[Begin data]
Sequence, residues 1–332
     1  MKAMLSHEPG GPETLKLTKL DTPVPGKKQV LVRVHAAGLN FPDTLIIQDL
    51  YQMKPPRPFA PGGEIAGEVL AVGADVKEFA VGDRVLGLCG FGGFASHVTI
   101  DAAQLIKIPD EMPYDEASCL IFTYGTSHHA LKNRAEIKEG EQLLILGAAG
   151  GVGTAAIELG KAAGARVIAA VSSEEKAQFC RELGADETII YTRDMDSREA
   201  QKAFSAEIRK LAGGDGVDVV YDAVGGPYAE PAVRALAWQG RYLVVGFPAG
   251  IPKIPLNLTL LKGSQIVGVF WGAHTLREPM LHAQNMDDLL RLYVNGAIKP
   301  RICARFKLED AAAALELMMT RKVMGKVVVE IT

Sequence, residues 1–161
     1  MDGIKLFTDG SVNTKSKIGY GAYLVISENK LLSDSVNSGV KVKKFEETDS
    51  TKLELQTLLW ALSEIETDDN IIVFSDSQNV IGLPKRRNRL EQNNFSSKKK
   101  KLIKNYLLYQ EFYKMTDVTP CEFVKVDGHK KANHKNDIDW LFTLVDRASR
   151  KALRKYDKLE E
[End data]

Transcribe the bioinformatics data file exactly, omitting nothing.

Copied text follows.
Sequence, residues 1–332
     1  MKAMLSHEPG GPETLKLTKL DTPVPGKKQV LVRVHAAGLN FPDTLIIQDL
    51  YQMKPPRPFA PGGEIAGEVL AVGADVKEFA VGDRVLGLCG FGGFASHVTI
   101  DAAQLIKIPD EMPYDEASCL IFTYGTSHHA LKNRAEIKEG EQLLILGAAG
   151  GVGTAAIELG KAAGARVIAA VSSEEKAQFC RELGADETII YTRDMDSREA
   201  QKAFSAEIRK LAGGDGVDVV YDAVGGPYAE PAVRALAWQG RYLVVGFPAG
   251  IPKIPLNLTL LKGSQIVGVF WGAHTLREPM LHAQNMDDLL RLYVNGAIKP
   301  RICARFKLED AAAALELMMT RKVMGKVVVE IT

Sequence, residues 1–161
     1  MDGIKLFTDG SVNTKSKIGY GAYLVISENK LLSDSVNSGV KVKKFEETDS
    51  TKLELQTLLW ALSEIETDDN IIVFSDSQNV IGLPKRRNRL EQNNFSSKKK
   101  KLIKNYLLYQ EFYKMTDVTP CEFVKVDGHK KANHKNDIDW LFTLVDRASR
   151  KALRKYDKLE E